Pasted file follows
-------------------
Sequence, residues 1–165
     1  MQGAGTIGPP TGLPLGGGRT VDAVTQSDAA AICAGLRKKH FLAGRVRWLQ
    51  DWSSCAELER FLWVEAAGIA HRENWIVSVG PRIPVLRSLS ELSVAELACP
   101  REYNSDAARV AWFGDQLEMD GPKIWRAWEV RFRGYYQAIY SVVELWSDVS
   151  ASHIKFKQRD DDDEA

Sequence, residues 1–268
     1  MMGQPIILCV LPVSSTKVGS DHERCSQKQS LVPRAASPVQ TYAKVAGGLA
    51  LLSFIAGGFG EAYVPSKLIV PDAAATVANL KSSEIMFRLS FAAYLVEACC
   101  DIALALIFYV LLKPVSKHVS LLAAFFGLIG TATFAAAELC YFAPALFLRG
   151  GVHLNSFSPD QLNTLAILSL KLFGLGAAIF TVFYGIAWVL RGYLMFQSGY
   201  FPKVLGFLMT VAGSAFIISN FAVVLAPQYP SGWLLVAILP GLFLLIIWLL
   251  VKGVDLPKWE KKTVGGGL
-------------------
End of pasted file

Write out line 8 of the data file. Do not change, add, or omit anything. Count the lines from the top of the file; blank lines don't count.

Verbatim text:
    51  LLSFIAGGFG EAYVPSKLIV PDAAATVANL KSSEIMFRLS FAAYLVEACC